'Chuck' - 'Chuck vs. the Living Dead': The family that lies together
A review of tonight's "Chuck" coming up just as soon as I review pictures of people I've killed...
"This is a bad business. I don't want my family in any part of it." -Stephen Bartowski
Like "Chuck vs. the Dream Job," the episode that introduced Scott Bakula as Papa Bartowski, "Chuck vs. the Living Dead" got off to a slow start before kicking into high gear by the end, setting things up nicely for next week's two-hour season(*) finale.
(*) Season, not series. In case you missed the news by now, NBC has ordered a fourth season of "Chuck," and it will be back in the fall in the same ol' Monday at 8 timeslot.
Basically, the first half of the episode leaned too heavily on one of my least favorite kinds of plots, wherein bad things happen to the good guys almost entirely because they won't tell the truth to one another - and won't do it for silly reasons.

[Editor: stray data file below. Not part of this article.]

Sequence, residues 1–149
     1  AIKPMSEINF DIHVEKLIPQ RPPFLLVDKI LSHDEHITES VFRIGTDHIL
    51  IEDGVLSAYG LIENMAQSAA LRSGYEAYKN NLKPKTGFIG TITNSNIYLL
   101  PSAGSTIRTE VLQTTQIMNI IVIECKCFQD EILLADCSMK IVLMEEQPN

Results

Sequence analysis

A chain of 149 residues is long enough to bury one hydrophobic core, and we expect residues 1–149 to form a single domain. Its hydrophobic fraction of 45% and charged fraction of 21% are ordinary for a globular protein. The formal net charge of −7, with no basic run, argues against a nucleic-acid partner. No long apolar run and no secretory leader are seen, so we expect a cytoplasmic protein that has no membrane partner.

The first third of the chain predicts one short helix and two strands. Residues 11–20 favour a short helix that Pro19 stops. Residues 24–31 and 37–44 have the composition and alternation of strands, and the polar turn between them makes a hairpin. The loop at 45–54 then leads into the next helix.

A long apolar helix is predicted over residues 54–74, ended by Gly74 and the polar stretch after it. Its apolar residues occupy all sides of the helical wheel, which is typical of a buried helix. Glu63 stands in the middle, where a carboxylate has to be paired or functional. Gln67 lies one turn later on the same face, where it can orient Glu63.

Given that Chuck has never had that great a relationship with his father, and given that just last week he was warned that the Intersect might one day rot his brain, I just don't buy that he would put "I don't want to disappoint the old man" above "I need the guy who invented the Intersect to spare me from getting permanent brain damage."
The Ellie storyline was less bothersome from a character perspective, in that Ellie has been kept so in the dark - basically, the only other relevant people in Chuck's life who don't know that he's a spy are Jeffster! and their new manager. But it's often frustrating when we see a character who knows much less than we do endangering other characters through their ignorance, even if their intentions are as good as Ellie's are here.
The first half of "Living Dead" certainly had its charms - Jeffster! aside (we'll get to them in a bit), we got Sarah interrogating Morgan (followed by Casey interrogating her at much more exhausting length) - but it wasn't until Stephen rescued Chuck from the edge of the building, and the truth came out and father and son Bartowski began meditating on all the dangers of the spy business that the episode really began to click.